Michael BellMichael Bell accepts an honorary degree from the University of Windsor at a reception Friday celebrating his Jerusalem Old City Initiative.

Diplomat and educator surprised with honorary degree

Adjunct professor and former Canadian ambassador Michael Bell was surprised with an honorary degree from the University of Windsor on Friday.

Bell was bestowed with a doctorate of laws by University of Windsor chancellor Ed Lumley at a private dinner on campus with friends, family and colleagues. It was the first time in memory the University has bestowed an honorary degree to a recipient outside a scheduled convocation.

The private dinner also served as an opportunity to celebrate the first of three books detailing the Jerusalem Old City Initiative (JOCI) that Dr. Bell helped co-found in 2003. It was under that pretense that he was surprised with the degree.

“It’s thrilling. Absolutely thrilling,” Bell, 73, said of the honour.

Bell’s ties to Windsor run deep, but it has been his actions across the globe that earned him public respect. After receiving his undergraduate and master’s degrees in political science from the University of Windsor, Bell joined the Canadian Foreign Service and held positions in Kingston, Jamaica; Port of Spain, Trinidad and Tobago; and Rome.

He then reached the highest pinnacle as a diplomat, serving for 16 years in the Middle East as Canada’s ambassador to Jordan, Egypt and twice to Israel.

“Bell has had an extraordinary career in international diplomacy for Canada,” said University of Windsor president Alan Wildeman. “It’s great to celebrate highly successful people, but it’s even greater when they are people who are from your own community.”

After 36 years of working in diplomacy, Bell made the transition to academia.

His first foray into research came at Harvard University’s Weatherhead Centre for International Affairs and later at the Munk School of Global Affairs.

“It was at the Munk Centre where he started thinking about what he wanted to do in his post-diplomatic life and began analyzing the complex problems of Jerusalem,” said long-time friend and colleague Tom Najem, an associate professor in the University of Windsor’s political science department.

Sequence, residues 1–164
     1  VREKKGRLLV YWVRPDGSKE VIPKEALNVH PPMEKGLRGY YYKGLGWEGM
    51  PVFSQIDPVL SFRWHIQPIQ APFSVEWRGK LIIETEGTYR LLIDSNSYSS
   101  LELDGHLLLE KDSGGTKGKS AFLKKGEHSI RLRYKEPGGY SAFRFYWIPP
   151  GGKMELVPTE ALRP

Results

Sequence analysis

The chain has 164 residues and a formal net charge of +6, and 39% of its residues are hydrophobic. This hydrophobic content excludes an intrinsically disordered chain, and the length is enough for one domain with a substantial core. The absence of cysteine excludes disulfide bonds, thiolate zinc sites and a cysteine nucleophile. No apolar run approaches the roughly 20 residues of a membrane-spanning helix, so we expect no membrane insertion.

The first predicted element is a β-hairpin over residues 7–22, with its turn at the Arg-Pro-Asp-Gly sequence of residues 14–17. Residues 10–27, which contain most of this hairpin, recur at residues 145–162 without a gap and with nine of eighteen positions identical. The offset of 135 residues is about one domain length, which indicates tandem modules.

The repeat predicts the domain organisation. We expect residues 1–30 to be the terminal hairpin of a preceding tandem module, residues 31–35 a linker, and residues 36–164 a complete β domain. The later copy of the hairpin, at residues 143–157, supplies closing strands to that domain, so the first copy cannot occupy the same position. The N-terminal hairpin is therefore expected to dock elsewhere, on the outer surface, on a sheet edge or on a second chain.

Dr. Najem said it was around this time that he invited Bell to work at the University of Windsor as the Paul Martin Senior Scholar in International Diplomacy and embarked on a project that would soon marry his love of policy with academics.

Bell co-founded the Jerusalem Old City Initiative along with Michael Molloy, John Bell and Najem to develop creative options for the governance and management of the Old City of Jerusalem. The single issue of governing the Old City has been considered by many to be the main impediment to achieving peace between the Israeli and Palestinian governments.

Over the course of 10 years, members of the initiative met with prominent diplomats, policymakers, and influential personalities around the world and developed the Special Regime model which is still considered to be one of the most realistic options for the governance of the Old City.

The culmination of their work is being released this year in a series of three books by Routledge publishing.

“This initiative is the only study in existence that goes into the minutiae of zoning, public services, staffing, security and even archaeology,” Bell said. “(The initiative) will have a very long shelf life and will be a significant point of reference for anybody hoping to do something with Jerusalem.”

The first book, Track Two Diplomacy and Jerusalem: The Jerusalem Old City Initiative, was released in February and the following two will be released later this year.

If thoughts of the Middle East filled Bell’s head, it was the City of Windsor that flowed through his veins.

His great, great, great grandfather was soldier, prominent politician and businessman François Baby and his great, great grandfather was James Dougall. Dougall married Baby’s daughter and is credited for giving Windsor its name. Dougall Avenue is named after Bell’s ancestor and Victoria Avenue is named after Dougall’s daughter.

Bell’s maternal grandfather Urgel Jacques and his family are responsible for constructing many of the area’s most elegant buildings. Their names are attached to Ste. Anne’s Parish in Tecumseh, St. Joseph’s Roman Catholic Church in River Canard, St. Alphonsus Parish, the Eldorado and LaSalle apartments on Hanna Street as well as Dillon Hall at the University of Windsor.

The dinner on Friday featured many distinguished guests, including former Chief of Defence Staff and former Canadian ambassador to the U.S. John de Chastelain, and U.S. ambassador to Yemen and Director-General of the Egypt-Israel Multinational Force Arthur Hughes.

“(The honorary degree) is such an honour and a surprise,” Bell said. “It was so nice to be surrounded by colleagues both here at the University where I spent eight years teaching, and the JOCI team.

“It was really a surprise and so nice to see the kind of warmth that was demonstrated.”